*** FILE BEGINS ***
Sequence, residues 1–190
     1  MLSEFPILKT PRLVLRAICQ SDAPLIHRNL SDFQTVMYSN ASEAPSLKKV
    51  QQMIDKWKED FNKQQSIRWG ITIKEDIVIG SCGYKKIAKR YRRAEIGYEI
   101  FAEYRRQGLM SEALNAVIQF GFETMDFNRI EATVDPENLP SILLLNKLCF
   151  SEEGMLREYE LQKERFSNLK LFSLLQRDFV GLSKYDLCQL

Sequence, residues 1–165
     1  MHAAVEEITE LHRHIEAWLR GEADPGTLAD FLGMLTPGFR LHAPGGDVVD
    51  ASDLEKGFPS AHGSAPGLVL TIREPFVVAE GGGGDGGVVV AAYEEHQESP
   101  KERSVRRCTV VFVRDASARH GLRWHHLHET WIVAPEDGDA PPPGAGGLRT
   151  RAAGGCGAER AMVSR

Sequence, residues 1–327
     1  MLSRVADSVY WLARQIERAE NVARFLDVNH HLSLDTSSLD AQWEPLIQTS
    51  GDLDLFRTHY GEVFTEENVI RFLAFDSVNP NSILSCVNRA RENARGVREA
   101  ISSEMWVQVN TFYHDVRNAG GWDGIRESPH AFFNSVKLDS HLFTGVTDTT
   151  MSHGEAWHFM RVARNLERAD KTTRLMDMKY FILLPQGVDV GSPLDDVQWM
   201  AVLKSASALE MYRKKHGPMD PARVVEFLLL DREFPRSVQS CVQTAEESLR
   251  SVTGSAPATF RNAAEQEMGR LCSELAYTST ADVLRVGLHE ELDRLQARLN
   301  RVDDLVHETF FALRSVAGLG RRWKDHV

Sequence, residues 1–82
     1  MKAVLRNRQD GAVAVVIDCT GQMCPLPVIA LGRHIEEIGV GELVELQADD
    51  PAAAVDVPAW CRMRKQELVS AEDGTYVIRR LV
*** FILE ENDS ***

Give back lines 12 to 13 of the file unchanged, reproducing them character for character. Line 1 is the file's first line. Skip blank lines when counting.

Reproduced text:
     1  MLSRVADSVY WLARQIERAE NVARFLDVNH HLSLDTSSLD AQWEPLIQTS
    51  GDLDLFRTHY GEVFTEENVI RFLAFDSVNP NSILSCVNRA RENARGVREA